I belong to a group of women who all used to work together. We are all very different but we had the bond of working together. We call ourselves the Fabulous Wenches. We go out to dinner once a month and then we go on road trips and attractions here in town. Whoever is available goes. It really is good fun. We live in the west suburbs of Cleveland and the Ohio Amish country is quite a bit south of the city.
The Amish people live quiet, spiritual lives. Non-Amish people are referred to in Amish communities as English. The Amish live without electricity and cars and phones. So candles are necessary and no one heats up a Lean Cuisine for dinner. I have worked with the Amish, Quakers and Mennonites while I was a nurse and when I worked for the American Red Cross.
These wonderful people embrace a sense of “divine ordinariness.” This is a delicate balance of the outward and the inward. They also exude a wholeness of simple things in their lives.
They build some of the nicest, strongest furniture in the world. They farm and sell their produce and they make candles, quilts and cheese. This is some of the best cheese in the world.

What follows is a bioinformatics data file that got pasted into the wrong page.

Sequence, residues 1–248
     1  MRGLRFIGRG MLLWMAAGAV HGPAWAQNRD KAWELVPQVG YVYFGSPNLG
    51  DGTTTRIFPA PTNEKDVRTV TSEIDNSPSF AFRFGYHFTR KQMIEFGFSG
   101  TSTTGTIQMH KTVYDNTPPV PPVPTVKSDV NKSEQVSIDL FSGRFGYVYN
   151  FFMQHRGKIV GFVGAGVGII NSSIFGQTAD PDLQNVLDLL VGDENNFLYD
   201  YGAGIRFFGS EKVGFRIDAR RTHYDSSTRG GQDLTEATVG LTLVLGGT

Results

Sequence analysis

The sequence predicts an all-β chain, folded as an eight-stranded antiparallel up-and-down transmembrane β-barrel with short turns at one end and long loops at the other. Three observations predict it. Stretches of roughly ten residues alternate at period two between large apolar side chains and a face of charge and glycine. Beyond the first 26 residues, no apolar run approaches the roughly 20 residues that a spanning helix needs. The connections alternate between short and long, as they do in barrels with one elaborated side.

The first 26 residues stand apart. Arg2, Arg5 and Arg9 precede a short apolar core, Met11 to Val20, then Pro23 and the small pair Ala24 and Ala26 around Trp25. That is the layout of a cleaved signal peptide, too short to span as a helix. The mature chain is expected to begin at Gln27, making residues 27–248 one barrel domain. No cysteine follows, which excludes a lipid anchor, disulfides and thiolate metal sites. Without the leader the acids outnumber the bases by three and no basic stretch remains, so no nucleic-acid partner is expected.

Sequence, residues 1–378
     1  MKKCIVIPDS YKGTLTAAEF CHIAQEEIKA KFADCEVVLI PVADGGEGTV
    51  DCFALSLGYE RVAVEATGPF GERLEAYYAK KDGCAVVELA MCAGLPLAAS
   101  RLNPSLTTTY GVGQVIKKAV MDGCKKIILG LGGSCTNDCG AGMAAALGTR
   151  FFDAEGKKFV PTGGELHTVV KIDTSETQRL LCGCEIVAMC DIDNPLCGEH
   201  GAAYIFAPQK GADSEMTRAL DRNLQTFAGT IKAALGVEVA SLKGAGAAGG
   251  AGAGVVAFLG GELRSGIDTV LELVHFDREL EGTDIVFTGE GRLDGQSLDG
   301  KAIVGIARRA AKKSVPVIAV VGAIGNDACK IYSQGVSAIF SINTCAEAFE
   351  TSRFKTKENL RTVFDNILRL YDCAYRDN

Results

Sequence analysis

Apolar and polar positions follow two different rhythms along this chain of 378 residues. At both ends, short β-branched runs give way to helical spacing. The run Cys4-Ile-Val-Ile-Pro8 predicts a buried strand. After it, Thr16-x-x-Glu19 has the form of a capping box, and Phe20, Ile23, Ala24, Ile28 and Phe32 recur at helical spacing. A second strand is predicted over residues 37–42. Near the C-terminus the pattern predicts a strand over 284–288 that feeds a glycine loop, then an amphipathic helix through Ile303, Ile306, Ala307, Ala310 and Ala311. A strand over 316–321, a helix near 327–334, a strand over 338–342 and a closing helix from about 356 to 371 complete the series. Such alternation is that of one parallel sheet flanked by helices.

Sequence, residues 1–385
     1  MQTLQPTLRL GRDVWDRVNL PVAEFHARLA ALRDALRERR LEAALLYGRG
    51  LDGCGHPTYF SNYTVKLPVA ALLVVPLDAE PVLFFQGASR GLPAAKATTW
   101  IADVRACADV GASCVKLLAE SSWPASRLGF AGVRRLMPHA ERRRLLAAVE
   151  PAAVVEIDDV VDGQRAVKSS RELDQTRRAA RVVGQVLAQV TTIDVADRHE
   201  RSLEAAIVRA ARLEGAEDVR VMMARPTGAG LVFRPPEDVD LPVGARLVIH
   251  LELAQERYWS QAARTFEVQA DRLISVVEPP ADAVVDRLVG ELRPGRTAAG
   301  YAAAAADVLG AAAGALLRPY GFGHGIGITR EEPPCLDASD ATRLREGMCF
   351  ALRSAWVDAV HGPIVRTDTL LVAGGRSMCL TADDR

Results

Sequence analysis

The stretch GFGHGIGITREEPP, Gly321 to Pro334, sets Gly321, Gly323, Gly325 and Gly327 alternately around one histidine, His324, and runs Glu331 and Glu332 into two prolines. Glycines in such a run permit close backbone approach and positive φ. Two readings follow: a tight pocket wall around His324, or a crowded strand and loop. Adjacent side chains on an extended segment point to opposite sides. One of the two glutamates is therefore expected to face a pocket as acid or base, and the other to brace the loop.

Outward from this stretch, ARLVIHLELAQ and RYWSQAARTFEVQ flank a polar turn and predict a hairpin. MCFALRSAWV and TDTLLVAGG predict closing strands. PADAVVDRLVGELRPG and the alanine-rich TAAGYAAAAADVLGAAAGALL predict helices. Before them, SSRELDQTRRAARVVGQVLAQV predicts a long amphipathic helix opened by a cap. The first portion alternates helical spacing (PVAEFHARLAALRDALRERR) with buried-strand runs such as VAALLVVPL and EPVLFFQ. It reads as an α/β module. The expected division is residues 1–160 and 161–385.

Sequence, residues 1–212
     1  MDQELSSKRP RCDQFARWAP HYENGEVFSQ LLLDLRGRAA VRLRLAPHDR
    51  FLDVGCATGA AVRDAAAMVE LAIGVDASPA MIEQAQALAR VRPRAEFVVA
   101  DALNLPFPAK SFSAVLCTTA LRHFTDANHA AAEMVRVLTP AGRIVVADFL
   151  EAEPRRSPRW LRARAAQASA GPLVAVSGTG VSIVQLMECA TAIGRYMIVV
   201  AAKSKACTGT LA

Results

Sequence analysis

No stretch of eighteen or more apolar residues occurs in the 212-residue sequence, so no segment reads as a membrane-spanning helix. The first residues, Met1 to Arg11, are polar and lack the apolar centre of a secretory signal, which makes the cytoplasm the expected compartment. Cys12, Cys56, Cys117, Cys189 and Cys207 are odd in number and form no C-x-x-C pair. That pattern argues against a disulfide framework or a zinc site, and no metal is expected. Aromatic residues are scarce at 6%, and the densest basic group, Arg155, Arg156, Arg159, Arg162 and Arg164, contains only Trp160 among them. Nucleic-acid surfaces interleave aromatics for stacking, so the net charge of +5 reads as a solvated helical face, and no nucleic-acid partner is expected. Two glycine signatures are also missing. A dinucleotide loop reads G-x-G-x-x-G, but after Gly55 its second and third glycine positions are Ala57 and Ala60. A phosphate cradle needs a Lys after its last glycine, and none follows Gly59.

“Art is the communication of a state of mind.” —Kant
Plato suggests that a work of art exists in its own right, not images of beauty, but realities.
“Give Thy blessing we pray Thee, to our daily work. that we may do it in faith, and heartily.”
“Things must be right in themselves, and good for use.”
We saw one very interesting thing while we were in Amish Country: a building where the Amish had built a staircase up to the roof and they went up and down as they felt so inclined. Not only the people, but their goats took advantage of the staircase to the roof. The goats walked around on the roof and some lay down in the sun.
“We are united with all life that is in nature. Man can no longer live his life for himself alone.”
“Caring is the greatest thing, caring matters most.”
—Last words of Freiderich Von Hugel
Be still and cool in thy own mind and spirit.” —-George Fox
So I count the day a terrific experience and if any of you live near the Amish, Mennonites, Pennsylvania Dutch,or Quakers take a day trip. It is well worth your time and gasoline. Plan on bringing home baked goods, cheeses and bacon. We took a cooler and it worked perfectly for us. If you ever have the opportunity to visit such a community, take advantage of the chance at a wonderful day.